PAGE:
“Violation of a City ordinance does not vitiate the Fourth Amendment’s protection of one’s property. Were it otherwise, the government could seize and destroy any illegally parked car or unlawfully unattended dog without implicating the Fourth Amendment,” the panel wrote in its decision to uphold the district court order.

Los Angeles also had to comply with rules that give the homeless notice that work crews would be in the area, so the homeless could ensure that no one took their possessions. That notice has to give the homeless an opportunity to be heard before their property is taken, the district court said. Los Angeles also had to follow existing rules to give the homeless 90 days to retrieve their belongings that were improperly taken.

Prior to encampment cleanups, San Luis Obispo city employees often provide warnings to those inhabiting the camps, city and Eco Solution staff said. Some homeless individuals, however, contend the crews have torn down their camps and confiscated their belongings without providing any advance notice.

Parks and Recreation staff and employees of Eco Solutions told CalCoastNews it is city policy to provide camp inhabitants one week’s notice of an upcoming cleanup, but that not everyone living in the camps receives the warnings.

Camping in city creeks and open spaces is illegal in San Luis Obispo, as is sleeping at night in vehicles. Many homeless individuals, however, risk tickets, fines and jail time by sleeping in or by creek beds, commonly under bridges.

San Luis Obispo pays Eco to tear down camps citywide and haul off belongings to the dump. Camps Eco Solutions crews dispose of include those under the Marsh Street, Madonna Road and Prado Road bridges. In the months of February through June 2013, Eco Solutions received contracts for four encampment cleanup days, according to city financial statements.

While San Luis Obispo has not faced a lawsuit for confiscation of property belonging to the homeless, the city did lose a lawsuit last year over its practice of ticketing people sleeping in their cars.

 


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Russ J

I put all my belongings in a storage unit and lived in my Volkswagon van for 5 monthes one time. I kept moving around and parking in different places at night. It was kinda cool, but I had a job. That’s the key – ya gotta get a job. Wash some dishes, flip some burgers, harvest some crops. There’s always something.


Slowerfaster

“There’s always something.”


Really….


What if there’s not ‘something’ ?

What then, when there is ‘nothing’ ? …When people are desperate….

Not all are resourceful, or have the means to be resourceful..


What then, genius ?

Maybe they can live in your Volkswagen van.


Yeah…THAT’S the ticket !


r0y

While I’d not want to see anyone’s possessions taken, there’s a fine line when your said property is located on property you do not own.


Legally, what is to prevent homeless from pitching a tent and living in your front yard? Can those legalities not also be afforded to the public land trust (city, county, what have you)? I’m not asking to cause a stir, as I realize this is a sensitive topic, but I really do not know how a person can legally live on another’s land without permission, etc. (which is what happens with homeless tent cities, etc).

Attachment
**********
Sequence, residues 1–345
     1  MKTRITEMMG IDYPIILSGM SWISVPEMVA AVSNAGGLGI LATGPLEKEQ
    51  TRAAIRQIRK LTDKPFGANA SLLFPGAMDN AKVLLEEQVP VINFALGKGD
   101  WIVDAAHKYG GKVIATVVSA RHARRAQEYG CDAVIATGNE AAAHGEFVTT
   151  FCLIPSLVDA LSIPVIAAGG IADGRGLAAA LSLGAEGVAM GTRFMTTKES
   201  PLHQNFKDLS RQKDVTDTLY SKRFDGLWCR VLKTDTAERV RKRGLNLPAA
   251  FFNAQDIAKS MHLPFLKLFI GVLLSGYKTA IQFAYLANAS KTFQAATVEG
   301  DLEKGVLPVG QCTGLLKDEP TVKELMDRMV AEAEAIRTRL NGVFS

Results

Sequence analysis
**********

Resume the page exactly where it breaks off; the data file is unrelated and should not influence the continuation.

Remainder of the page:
I can see why the SCOTUS refused the case, it’d be disasterous either way it’s ruled on: If ruled in favor of homeless, there’s nothing stopping anyone from leaving their things wherever they want. If ruled in favor of the municipalities, then there’s no stopping the seizure of property.


There is already a problem with Police seizing property and possessions WITHOUT being convicted or even charged and any ruling towards that would only exacerbate this highly anti-Constitutional practice. (also reported here and other places).


TaxMeAgain

Excellent post r0y.


Slowerfaster

“Happiest place in wherever” !


San Luis Obispo is the modern equivalent of Poe’s tale, “The Masque of the Red Death”.


aft50s

And apparently Eco Solutions did not have a City of SLO business license either – way to go SLO!


aft50s

Is the City of SLO contracting with the same Eco Solutions company operating from out of a home located on Whiteley St. in Arroyo Grande? (Eco Solutions is not listed as holding a business license in AG).


info

LA and other city’s getting sued for not achieving RWQCB stormwater quality limits but at the same time are not granted exceptions for such a pollutant source. Tough situation for both sides.


hijinks

It would be interesting to know, which pollutes more: a homeless person, or the car you drive. Oh, of course, YOU don’t pollute, do you.


info

Hijinks. I pollute. I pollute when I drive my car, motorcycle, boat, watch tv, and turn on lights. We all do in some form – some more than others.


The fact is City’s are getting sued because their storm water runoff to rivers, streams, and oceans are not meeting strict Regional Water Quality Control Board requirements. City’s are spending millions in fixing sewer leaks, reducing pet waste, and installing infrastructure. Yet when excrement is placed/discharged adjacent to our water bodies its impossible to achieve compliance. Does the RWQCB care? No.


What is the solution hijinks? Its not an easy or cheap solution. Should we build restroom and showers near the encampments? Shelters? Can we force or make sure they use the facilities?


Again, its a tough situation for all parties involved. I don’t have a solution – I admit it. Why don’t you start by determining which contributes more to stormwater pollution in our local creeks – my car or a single homeless person. I’m sure your educated enough to figure that out.